Mulholland Drive (2001)

In many ways the best articulation of Lynch’s pet themes and ideas, even down to its strange and troubled production history. It was originally meant to be a TV pilot for a spin-off from Twin Peaks, though this concept was scrapped before production. When the pilot (which forms around two thirds, if not a tad more, of the final product) was shown to television executives, they declined to pick it up. In an inversion of the Twin Peaks pilot (which was produced as a feature film out of doubt it would be picked up, then cut and edited to function as TV pilot when the series was picked up), the show that was filmed purely as TV pilot and seemed very likely to be picked up was not, and Lynch decided to turn it into a film by adding another act to the film some of the best material in its own right and also repositioning the first two acts so as to become more powerful as part of the greater picture.

(Spoilers for the film follow.)

Taken by themselves, the individual scenes are fantastic experiences, from the extremely well-executed horror of the diner scene, to the comedy of the hitman scene, to the heartbreaking masturbation scene, they’re all great cinematic experiences in and of themselves. And, as with any Lynch work, the films works excellently purely as a visceral experience, an exercise in mood and atmosphere. It’s so easy to get absorbed into the heightened realities Lynch creates. Some people criticise the film as falling into the “it was all a dream!” cliche, but dreams are exactly what Lynch deals in. Cinema, to Lynch, is dreams projected up on a big screen for everyone to see. The dream cliche is only inappropriate when it invalidates audience investment into past events, not when it simply reframes and recontextualises them as part of a bigger picture, as Mulholland Drive does.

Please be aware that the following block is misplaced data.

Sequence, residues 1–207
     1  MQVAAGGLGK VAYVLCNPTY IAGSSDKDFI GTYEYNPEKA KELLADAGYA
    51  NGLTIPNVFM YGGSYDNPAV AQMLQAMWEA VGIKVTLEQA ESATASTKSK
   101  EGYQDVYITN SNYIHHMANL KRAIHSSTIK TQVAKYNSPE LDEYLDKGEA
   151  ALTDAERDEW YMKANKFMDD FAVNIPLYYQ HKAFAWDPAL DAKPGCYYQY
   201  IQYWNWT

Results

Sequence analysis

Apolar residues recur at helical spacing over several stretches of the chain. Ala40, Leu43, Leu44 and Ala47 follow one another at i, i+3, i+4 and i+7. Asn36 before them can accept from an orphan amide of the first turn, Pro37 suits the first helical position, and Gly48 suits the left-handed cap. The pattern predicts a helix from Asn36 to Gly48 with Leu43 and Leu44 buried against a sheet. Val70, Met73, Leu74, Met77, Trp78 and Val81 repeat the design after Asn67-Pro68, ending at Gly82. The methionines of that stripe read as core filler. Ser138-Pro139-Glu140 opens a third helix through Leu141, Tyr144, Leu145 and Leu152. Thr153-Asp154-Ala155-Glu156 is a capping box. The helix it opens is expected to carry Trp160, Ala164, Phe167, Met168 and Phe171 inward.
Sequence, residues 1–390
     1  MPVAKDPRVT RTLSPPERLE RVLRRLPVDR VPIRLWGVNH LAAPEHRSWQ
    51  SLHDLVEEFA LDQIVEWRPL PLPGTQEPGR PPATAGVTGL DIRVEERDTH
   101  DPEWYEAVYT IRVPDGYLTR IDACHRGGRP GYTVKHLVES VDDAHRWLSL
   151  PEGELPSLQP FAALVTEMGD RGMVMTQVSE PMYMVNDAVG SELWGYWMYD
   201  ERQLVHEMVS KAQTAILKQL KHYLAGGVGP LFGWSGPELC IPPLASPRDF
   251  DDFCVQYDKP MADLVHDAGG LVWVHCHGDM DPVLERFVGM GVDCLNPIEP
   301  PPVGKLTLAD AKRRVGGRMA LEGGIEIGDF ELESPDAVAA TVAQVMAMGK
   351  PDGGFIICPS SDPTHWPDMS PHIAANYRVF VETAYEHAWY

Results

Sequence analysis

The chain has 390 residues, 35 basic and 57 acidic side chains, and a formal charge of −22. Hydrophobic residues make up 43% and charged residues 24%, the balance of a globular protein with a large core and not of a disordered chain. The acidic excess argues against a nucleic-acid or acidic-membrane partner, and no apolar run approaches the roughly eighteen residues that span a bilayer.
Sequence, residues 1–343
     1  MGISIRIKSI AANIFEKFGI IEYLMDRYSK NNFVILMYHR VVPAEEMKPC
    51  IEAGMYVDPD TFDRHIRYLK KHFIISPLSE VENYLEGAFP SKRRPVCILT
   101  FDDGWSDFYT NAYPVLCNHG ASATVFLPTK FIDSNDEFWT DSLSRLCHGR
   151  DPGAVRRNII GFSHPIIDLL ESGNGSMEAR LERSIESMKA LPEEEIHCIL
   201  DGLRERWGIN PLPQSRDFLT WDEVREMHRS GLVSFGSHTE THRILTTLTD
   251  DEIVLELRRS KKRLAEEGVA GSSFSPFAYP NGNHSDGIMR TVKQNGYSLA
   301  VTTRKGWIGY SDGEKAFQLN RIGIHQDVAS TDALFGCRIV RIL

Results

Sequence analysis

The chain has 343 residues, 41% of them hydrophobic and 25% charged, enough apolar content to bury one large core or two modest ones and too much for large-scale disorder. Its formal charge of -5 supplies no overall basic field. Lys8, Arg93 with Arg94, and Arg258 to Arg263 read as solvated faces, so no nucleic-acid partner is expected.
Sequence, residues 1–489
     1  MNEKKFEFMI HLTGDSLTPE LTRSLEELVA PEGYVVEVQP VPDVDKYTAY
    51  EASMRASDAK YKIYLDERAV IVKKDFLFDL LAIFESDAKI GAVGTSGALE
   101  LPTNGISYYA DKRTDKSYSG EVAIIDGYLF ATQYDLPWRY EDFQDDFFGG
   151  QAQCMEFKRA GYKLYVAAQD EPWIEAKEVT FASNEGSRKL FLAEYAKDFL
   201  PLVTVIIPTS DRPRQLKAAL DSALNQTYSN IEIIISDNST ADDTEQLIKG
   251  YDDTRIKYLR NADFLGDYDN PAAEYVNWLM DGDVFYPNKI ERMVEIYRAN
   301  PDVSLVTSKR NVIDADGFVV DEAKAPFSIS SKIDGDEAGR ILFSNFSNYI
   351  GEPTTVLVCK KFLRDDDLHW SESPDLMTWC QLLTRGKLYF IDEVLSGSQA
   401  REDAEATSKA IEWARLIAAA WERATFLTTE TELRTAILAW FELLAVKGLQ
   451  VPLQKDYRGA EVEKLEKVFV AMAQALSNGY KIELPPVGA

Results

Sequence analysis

My reading of the film – which seems to be by far the prevailing reading, but it’s a Lynch film and I’m sure there are many other fascinating readings too – is that the third act of the film (everything after Rita opens the box) is the “actual” reality of the film, and the first two acts are dreams reflecting Diane’s psychological state. The film does begin, after the dance section, with a pan-down to a bed, further and further, until we enter a very movie-like car scene ending in two extremely over-the-top movie cops analysing the situation terribly. Sleep, then dreams.

Scenes like the hitman comically displaying extreme incompetence translate to Diane hoping he didn’t actually have the skill to kill Camilla, the policemen’s dialogue (more like film cop dialogue than real cop dialogue, because how would Diane know what cops really speak like) showing their incompetence translating to her trying to convince herself the cops aren’t skilled enough to trace the hit back to her, her status as the beautiful and skilled Betty adored by Rita translating to Diane’s insecurity and wish that Camilla fawned over her – these are all manifestations of Diane’s subconscious. It’s perfectly Lynch; a character using dreams and thus telling us a story – cinema itself! The film is essentially a simple story of love, betrayal, and depression, but told in an incredibly unique, surreal way through cinema. Where “Lost Highway” told a story through a somewhat similar conceit, “Mulholland Drive” uses the conceit itself as the story, and as greater commentary on the medium itself. The greatness of the story isn’t the surprise that most of the film is a product of Diane’s subconscious, it’s how the film makes the case for film itself as a medium through which we filter our souls, our lives, our emotions, our experiences. It’s a validation of the medium. It’s film selling film.

I love when stories are told unconventionally in some way that has thematic resonance with the story itself. Films like this are right up my alley; I find them intoxicating in how they subsume the viewer into an alternate, heightened reality.

I give it five keys, and a blue box.

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